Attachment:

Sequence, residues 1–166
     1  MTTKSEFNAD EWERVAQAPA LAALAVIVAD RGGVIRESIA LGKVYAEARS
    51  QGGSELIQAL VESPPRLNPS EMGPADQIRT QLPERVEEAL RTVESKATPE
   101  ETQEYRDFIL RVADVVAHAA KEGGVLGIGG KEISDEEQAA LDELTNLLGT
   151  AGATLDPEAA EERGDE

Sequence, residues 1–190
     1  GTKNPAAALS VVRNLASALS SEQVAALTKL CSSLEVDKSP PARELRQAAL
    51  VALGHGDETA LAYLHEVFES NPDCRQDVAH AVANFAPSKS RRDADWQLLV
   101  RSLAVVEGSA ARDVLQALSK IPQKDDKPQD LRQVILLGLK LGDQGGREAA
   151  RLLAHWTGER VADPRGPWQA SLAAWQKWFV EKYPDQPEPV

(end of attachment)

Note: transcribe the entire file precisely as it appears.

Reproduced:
Sequence, residues 1–166
     1  MTTKSEFNAD EWERVAQAPA LAALAVIVAD RGGVIRESIA LGKVYAEARS
    51  QGGSELIQAL VESPPRLNPS EMGPADQIRT QLPERVEEAL RTVESKATPE
   101  ETQEYRDFIL RVADVVAHAA KEGGVLGIGG KEISDEEQAA LDELTNLLGT
   151  AGATLDPEAA EERGDE

Sequence, residues 1–190
     1  GTKNPAAALS VVRNLASALS SEQVAALTKL CSSLEVDKSP PARELRQAAL
    51  VALGHGDETA LAYLHEVFES NPDCRQDVAH AVANFAPSKS RRDADWQLLV
   101  RSLAVVEGSA ARDVLQALSK IPQKDDKPQD LRQVILLGLK LGDQGGREAA
   151  RLLAHWTGER VADPRGPWQA SLAAWQKWFV EKYPDQPEPV